Cambodia: Helping kids stay healthy from the kitchen to the classroom – Low Calorie Diets Tips

Im Lone’s new kitchen helps her safely cook for the students every day. Photo: WFP/Monalisa Khun.

As the noise of students waiting to collect their school lunches begins to subside, Im Lone, a cook at Samrong Elementary School in Kampong Thom province, takes one of her first breaks of the day.

For the past 10 years, with support from the World Food Program (WFP), she has prepared healthy meals for hundreds of students five days a week. Like all chefs, nothing is more important to her than a good kitchen.

While the school was closed in 2021 due to COVID-19, WFP built a new kitchen, dining area and hand washing facilities with support from the United States Department of Agriculture (USDA). This was to ensure that students, teachers and cooks could practice good hygiene by washing their hands before preparing, serving and eating meals.

“I’m so happy with our new cooking facilities,” says Im Lone. “You help me make sure everything that comes out of this kitchen is clean. The old kitchen was not very well designed so dust got in everywhere. It was hard to stay clean but that has changed now.”

Having prepared school meals for a decade, Im Lone knows the importance of a clean kitchen and a full stomach. “Freshness and safety are both very important. They help students stay healthy and prevent preventable diseases.”

School meals are an important source of nutrients for students and, for many, the main meal of the day. Photo: WFP/Nick Sells.

Consumption of unsafe food and water is a leading cause of diarrhea and infections in Cambodian children. It can contribute to malnutrition by interfering with the body’s ability to absorb important nutrients.

Samrong Primary School Principal Choeun Bunchhen is doing everything to keep his students healthy. He says he has seen many positive changes at Samrong Elementary School during his tenure, but says improving the school’s hygiene standards has been one of the most significant developments.

In addition to upgrading school infrastructure, WFP has also conducted food safety and hygiene training for key school staff, including school principals, storekeepers and cooks. These training courses include learning about food storage, handling fresh produce, safe food preparation practices, and basic good hygiene and sanitation.

“The training provided by WFP and the construction of the new kitchen and dining room have been very important in increasing our knowledge of food hygiene and safety. This knowledge keeps kids sane and alert in the classroom,” says Bunchhen.

Having worked at the school for many years, he has seen the impact school meals have on children and their families.

“Children actually attend school more often when safe and nutritious food is provided through the school’s feeding program, as this helps ease the burden on lower-income parents. Because of this, our school has lower absenteeism and dropout rates,” says Bunchhen. “And that also relieves poor parents.”

Veung Chatt, a local smallholder farmer, is committed to ensuring that all school children have the opportunity to understand that safe, healthy food contributes to better educational outcomes.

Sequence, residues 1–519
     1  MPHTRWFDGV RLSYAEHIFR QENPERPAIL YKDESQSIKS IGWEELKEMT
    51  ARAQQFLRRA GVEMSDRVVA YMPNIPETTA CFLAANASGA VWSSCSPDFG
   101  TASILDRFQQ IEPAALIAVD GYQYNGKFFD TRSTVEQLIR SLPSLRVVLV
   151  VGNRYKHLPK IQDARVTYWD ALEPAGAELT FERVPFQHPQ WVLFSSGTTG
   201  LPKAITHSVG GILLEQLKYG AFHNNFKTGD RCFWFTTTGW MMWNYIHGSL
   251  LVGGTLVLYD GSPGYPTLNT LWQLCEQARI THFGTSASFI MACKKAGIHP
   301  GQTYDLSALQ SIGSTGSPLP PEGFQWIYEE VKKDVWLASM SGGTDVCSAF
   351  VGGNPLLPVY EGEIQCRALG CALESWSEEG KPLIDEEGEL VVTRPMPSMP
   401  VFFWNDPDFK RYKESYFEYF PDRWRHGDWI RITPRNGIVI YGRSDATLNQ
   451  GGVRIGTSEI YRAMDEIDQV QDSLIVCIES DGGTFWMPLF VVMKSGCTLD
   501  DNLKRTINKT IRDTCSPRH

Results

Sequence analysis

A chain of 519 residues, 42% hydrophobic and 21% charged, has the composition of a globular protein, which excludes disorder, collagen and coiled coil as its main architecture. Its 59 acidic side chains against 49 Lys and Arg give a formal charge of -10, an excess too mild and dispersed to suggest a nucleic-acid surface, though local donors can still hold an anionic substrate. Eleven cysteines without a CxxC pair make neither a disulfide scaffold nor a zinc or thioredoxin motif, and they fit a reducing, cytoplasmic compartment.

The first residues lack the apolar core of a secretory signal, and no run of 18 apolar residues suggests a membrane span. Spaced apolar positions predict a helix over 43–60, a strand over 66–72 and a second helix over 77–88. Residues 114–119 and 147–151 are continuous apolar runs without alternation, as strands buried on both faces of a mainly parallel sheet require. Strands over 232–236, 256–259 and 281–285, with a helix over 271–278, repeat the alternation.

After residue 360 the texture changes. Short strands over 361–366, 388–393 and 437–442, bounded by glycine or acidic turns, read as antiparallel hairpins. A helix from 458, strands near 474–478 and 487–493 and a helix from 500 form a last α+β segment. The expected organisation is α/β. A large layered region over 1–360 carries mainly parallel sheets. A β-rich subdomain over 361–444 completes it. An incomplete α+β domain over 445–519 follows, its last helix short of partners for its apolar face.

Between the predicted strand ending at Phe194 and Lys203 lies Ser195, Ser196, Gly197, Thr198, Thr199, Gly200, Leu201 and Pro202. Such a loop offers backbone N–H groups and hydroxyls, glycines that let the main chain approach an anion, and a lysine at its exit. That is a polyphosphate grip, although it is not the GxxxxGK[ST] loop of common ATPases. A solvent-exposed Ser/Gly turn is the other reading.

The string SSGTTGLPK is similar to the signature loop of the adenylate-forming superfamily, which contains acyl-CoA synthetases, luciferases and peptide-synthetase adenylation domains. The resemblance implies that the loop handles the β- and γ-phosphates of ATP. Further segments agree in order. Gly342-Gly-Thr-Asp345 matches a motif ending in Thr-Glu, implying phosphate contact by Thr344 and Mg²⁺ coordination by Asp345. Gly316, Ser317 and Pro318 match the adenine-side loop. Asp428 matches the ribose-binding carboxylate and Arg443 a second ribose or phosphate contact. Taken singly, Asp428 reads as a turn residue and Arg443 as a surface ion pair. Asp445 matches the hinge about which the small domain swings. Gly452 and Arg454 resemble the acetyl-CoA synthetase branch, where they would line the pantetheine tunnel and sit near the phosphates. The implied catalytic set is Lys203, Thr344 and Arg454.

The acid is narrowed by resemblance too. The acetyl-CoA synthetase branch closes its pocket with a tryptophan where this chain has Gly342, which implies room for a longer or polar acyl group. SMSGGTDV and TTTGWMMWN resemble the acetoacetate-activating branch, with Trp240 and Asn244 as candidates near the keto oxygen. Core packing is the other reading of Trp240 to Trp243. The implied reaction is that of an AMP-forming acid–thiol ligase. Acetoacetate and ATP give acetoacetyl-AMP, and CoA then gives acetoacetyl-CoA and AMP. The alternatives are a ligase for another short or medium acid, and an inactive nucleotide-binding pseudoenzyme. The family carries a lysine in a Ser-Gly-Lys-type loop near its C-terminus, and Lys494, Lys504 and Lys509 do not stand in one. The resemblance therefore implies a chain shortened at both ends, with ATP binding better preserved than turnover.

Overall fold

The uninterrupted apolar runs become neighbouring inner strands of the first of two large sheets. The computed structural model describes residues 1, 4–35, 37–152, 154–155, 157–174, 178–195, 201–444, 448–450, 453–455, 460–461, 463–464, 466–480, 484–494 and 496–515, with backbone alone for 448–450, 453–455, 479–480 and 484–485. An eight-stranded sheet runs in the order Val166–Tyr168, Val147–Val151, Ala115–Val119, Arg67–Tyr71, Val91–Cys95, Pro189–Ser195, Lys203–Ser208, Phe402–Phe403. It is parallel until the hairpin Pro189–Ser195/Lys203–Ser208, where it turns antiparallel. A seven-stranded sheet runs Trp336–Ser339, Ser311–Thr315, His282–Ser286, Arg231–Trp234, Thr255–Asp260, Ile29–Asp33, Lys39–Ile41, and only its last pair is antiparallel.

Local farmer Veung Chatt helps students get a better education than he does. Photo: WFP/Monalisa Khun.

“I received very little education. As a result of the civil war, when I was growing up there was no childcare and no good facilities at school for children, so I had to drop out in the second grade. Now I want to help kids in my community overcome the barriers and get the kind of education I didn’t have,” he explains.

“Safe and nutritious meals are really important and a huge contributor to growth and learning. Although this may be a remote area, our children still deserve good food and an opportunity to learn about good hygiene practices.”

Parents have also noticed these improvements. Set Bonai, mother of 11-year-old Chep Sinet, who is in fifth grade at Samrong Primary School, is delighted with the changes implemented over the past year.

Sinet is staying safe in school and has big dreams for her future. Photo: WFP/Monalisa Khun.

“These excellent and clean facilities benefit all the children in the school. They especially love the kitchen and I’m really excited about the new hand washing area that will allow Sinet to wash their hands constantly. It makes me feel safer sending my daughter back to school, knowing she’s less likely to get sick,” says Bonai.

Bonai is also happy that her daughter gets a safe and nutritious school meal every day because she believes it can help shape her future. “I want all my children to get a good education and have a good chance of getting a better job. That is what all parents want for their children. And good nutrition is important because when children are full they are healthy and when they are healthy they learn well.”

“I want to be a teacher when I grow up,” says Sinet. “To make this dream come true, I have to study hard and eat healthy. I will do my best!”

WFP and USDA are working together to help Sinet and children across Cambodia improve their diets and gain access to safe and healthy school meals.

Read more about WFP’s work in Cambodia

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